BetterPhoto.com - Become a better photographer today!
EMAIL:
PASSWORD:
remember me:     
     


BetterPhoto Q&A
Category: New Questions

To participate in the Forum, become a BetterPhoto member or Sign In.

 
Photography Question 
Keren Dorner

member since: 12/11/2007
 

How much to charge for a family portrait shoot?


I am new to this forum. My name is Keren and I've just finished a photography course. I started with only doing photo retouching, but now I am considering combining both: being a photographer and doing the retouching.

For my final project I decided to do portraits of kids, so I went to the park and asked moms if it's OK that I'll take their kids portraits and send it to them by email and all of them said yes.

Now, one of the moms asked me if I can do a 1 hour shoot of their all family and give them the photo on a CD.

My question is, how much money should I ask for? It's going to be about 1 hour shoot plus touch Ups.

Please help!!

12/11/2007 4:41:04 PM

 
Mark Feldstein
BetterPhoto Member

member since: 3/17/2005
  That mom, Karen, is essentially asking you to compete with the local Walmart, plus retouching, and you can't compete with them unless you intened to lose money as they do on such things.

We've said this before here, about a gazillion times. You need a business plan that details ALL your collateral expenses plus how much profit you want to make. Break that cost down to an hourly fee and multiple every hour you plan to spend shooting x 4 because of running around, meeting with your client before and after the shoot, plus fixing time.

Costs PER PERSON btw, include, but aren't limited to:
Your equipment usage, insurance, travel, gasoline, wear and tear, separate fees, phone calls, computer usage time and depreciation, scanner, incidentals like CDs ( although how can you sell prints and make a profit if you give the work away on CD), pro-rating of rental fees for the space you use to shoot in on an hourly basis, business license fees, taxes, state, federal, supplies, letterhead, etc. In other words, it's not just about figuring our a price for your time.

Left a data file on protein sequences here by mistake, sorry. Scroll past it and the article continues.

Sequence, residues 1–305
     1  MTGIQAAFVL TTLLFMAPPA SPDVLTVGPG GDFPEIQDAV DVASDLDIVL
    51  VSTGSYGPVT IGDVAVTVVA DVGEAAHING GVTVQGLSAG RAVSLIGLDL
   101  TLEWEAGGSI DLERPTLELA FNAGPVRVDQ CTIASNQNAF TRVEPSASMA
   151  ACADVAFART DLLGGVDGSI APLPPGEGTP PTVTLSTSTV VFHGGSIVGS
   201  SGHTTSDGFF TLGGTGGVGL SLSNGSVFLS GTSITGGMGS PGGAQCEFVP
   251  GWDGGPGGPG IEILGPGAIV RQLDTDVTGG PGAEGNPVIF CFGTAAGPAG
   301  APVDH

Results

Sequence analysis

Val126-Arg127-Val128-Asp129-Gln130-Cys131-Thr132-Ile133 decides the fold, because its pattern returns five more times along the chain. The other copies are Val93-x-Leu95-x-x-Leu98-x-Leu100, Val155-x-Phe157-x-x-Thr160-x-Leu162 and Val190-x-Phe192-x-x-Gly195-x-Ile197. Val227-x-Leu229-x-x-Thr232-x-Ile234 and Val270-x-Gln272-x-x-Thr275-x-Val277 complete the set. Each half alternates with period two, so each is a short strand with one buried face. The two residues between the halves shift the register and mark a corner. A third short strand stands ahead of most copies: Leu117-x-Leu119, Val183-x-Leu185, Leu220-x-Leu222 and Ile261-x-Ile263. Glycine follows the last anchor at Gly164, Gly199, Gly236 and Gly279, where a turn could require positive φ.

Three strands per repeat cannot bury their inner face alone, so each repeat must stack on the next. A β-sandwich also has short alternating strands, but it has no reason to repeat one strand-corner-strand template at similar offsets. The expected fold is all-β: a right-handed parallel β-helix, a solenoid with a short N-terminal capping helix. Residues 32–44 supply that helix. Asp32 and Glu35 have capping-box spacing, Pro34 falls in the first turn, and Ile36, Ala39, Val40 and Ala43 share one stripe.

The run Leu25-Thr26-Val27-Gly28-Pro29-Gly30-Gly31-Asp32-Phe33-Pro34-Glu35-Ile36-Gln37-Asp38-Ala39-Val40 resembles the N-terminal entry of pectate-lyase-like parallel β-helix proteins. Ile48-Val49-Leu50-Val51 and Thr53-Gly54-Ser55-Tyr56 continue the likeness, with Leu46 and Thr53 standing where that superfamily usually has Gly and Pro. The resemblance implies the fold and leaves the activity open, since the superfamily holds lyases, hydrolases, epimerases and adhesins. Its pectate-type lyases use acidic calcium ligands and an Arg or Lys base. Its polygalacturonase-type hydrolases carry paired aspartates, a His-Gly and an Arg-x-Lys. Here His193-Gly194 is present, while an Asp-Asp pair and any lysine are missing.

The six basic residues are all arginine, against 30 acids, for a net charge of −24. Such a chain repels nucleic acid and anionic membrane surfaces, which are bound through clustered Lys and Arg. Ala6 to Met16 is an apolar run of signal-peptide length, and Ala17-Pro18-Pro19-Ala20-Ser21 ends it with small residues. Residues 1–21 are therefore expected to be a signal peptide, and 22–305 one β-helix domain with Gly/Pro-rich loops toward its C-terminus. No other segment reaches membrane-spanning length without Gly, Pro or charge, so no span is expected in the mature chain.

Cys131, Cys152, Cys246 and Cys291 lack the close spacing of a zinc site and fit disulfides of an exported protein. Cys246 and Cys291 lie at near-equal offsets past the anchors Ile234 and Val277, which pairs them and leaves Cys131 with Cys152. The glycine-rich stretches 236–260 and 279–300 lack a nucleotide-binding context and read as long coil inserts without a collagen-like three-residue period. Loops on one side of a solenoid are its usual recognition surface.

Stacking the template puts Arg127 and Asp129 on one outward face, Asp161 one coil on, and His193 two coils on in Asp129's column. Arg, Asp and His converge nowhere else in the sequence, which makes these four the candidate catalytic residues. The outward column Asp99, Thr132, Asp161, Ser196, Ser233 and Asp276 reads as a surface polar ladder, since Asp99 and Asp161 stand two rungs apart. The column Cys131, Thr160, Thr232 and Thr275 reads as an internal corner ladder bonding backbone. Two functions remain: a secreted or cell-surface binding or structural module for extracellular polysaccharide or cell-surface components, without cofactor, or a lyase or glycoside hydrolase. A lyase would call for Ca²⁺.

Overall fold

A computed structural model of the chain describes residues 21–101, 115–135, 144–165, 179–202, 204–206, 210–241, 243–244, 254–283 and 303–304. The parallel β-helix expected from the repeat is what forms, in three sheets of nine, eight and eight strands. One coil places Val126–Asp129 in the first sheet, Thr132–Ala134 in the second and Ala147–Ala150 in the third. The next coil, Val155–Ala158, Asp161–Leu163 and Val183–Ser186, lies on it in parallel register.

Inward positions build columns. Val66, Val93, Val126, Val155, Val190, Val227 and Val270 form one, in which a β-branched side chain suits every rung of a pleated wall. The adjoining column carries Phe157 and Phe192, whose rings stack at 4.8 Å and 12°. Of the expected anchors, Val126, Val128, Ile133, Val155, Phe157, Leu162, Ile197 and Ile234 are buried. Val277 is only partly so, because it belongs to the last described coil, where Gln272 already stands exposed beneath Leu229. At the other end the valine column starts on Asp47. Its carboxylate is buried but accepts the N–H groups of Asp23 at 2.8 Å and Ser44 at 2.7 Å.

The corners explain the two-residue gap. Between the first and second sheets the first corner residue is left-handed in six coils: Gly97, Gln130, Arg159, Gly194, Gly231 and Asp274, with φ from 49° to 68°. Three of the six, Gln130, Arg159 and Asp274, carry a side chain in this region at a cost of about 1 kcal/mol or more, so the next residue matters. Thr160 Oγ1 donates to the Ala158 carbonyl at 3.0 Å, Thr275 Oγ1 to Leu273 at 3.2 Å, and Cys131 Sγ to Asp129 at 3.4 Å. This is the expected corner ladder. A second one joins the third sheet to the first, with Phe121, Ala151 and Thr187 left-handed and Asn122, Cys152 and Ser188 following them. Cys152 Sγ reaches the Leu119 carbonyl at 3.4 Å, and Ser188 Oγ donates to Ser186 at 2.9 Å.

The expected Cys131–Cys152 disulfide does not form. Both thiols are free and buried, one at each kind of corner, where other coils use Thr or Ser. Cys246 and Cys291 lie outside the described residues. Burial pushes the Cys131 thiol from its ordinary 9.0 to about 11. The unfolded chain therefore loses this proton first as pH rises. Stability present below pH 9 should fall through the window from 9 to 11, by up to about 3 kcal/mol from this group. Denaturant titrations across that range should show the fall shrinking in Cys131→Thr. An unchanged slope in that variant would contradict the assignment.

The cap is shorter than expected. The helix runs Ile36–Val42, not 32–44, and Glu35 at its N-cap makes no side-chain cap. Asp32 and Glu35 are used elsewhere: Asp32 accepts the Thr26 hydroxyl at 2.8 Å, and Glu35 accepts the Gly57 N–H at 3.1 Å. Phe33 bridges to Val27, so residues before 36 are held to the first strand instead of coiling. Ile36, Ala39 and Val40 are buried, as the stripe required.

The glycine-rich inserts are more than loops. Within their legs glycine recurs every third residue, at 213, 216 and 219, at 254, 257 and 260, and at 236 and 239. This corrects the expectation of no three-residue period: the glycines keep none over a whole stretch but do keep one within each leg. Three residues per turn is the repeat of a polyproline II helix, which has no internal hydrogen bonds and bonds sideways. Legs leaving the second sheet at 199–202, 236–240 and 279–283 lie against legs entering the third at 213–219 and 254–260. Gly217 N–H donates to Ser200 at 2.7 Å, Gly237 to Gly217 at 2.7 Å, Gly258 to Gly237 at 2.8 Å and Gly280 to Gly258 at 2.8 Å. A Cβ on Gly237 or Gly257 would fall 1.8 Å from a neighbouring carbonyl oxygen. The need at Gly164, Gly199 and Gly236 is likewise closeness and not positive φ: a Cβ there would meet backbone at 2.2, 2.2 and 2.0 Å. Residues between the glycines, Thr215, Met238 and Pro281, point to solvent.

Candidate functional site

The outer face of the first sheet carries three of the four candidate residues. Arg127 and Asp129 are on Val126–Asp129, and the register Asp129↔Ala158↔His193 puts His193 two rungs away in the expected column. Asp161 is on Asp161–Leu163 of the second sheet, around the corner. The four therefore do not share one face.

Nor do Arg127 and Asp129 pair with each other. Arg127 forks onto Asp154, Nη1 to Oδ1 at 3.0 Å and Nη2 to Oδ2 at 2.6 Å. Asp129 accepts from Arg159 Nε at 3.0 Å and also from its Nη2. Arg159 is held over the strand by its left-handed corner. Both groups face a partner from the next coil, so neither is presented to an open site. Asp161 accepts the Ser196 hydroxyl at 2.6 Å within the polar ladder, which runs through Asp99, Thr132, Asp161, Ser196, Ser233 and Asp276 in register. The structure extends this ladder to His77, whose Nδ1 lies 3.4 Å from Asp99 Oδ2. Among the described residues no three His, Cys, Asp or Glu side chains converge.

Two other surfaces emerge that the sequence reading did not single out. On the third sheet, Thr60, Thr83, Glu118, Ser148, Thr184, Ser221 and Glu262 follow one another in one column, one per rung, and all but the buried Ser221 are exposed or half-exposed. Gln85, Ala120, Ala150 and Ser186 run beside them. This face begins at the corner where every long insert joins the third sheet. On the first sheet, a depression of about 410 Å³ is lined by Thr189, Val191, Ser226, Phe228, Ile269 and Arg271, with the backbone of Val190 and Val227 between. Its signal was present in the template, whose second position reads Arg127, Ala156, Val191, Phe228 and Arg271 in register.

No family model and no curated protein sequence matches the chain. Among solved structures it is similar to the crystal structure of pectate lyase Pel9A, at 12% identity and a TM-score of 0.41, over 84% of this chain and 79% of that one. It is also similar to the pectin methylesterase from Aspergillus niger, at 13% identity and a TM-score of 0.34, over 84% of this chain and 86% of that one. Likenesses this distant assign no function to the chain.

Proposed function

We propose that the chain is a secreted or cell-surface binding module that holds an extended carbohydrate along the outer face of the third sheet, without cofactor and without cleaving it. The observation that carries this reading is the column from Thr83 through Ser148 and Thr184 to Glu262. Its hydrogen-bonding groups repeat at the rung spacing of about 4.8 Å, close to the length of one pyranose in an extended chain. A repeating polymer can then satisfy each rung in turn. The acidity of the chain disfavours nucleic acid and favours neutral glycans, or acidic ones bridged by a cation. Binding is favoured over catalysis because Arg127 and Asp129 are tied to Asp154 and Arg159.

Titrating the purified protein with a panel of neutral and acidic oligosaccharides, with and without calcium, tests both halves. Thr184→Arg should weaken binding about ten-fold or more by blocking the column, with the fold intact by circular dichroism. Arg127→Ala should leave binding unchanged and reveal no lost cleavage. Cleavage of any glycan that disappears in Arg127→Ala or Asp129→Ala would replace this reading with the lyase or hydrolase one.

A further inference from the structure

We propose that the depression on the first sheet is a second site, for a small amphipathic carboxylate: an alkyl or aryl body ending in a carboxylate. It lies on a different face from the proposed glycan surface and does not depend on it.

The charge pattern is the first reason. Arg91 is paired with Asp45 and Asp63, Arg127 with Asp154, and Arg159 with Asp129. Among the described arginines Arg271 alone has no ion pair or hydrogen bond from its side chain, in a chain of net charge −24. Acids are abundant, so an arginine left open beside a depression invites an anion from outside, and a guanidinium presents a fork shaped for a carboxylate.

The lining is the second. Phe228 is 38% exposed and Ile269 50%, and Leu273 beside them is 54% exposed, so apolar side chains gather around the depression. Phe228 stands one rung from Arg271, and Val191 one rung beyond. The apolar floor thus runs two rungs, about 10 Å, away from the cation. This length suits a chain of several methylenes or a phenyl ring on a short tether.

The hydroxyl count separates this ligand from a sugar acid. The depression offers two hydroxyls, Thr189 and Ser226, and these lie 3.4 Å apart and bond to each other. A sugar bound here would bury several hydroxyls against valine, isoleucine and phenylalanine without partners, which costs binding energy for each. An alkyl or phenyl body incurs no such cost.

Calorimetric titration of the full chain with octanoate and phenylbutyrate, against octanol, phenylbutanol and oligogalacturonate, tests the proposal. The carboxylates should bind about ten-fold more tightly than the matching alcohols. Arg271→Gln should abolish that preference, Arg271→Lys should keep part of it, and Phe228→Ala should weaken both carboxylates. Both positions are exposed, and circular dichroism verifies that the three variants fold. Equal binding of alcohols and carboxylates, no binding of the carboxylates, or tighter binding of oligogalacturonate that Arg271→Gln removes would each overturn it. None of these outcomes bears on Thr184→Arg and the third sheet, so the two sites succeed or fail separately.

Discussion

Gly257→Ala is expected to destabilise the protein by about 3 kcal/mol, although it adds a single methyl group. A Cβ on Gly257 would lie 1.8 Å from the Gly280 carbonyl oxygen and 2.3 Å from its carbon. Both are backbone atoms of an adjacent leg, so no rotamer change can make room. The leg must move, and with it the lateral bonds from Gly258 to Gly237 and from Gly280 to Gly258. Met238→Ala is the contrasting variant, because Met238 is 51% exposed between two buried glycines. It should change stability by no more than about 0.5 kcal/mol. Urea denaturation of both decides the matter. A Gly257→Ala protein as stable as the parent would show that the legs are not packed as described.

Take it light;>
Mark

12/12/2007 9:21:42 AM

 
Pete H
BetterPhoto Member

member since: 8/9/2005
  Keren,

To add to Mark's good advice; photography and the "selling" thereof is NOT about quality or quantity.

This concept is very hard for budding photographers to get their head around.

Perhaps a old anology is in order.

At a yard sale, the auctioneer was trying to sell an old violin. It was pretty beat up, dusty and obviously out of tune.

The auctioneer yelled out "How much am I bid for this violin?" From the audience came "One dollar".."two dollars" and went as high as "five dollars."

Then; an old man came forward and asked to see the violin. He looked it over carefully, plucked each string as he tuned it. Then he pulled the bow from the case and began to play.

WOW!..what beautiful music emanated from this violin! The crowd was overwhelmed at the sound.


"How much am I bid" yelled the auctioneer. "100 dollars"...."500 hundred" and up and up the bidding went.

Moral: In the hands of a master, even the overlooked and undiscovered is brought to it's maximum potential.

Keren, people buy (value)..not skill sets. (Value) is perception..and how we perceive is truth.

There are many technically excellent photographers in the world who can't make a plug nickel!

There are also technically average photographers who make a lot of money.

What's the difference in the two?
One has "mastered" the art of selling and has a clearly defined business plan.

As Mark said, Walmart will undersell ANY photographer because the people who go there have not been sold. They have not been sold on what YOU can do for them..They have NOT been sold on WHY you are different..They have NOT been sold on the FEATURES, ADVANTAGES and BENEFITS of YOUR product. They have NOT been sold on YOU!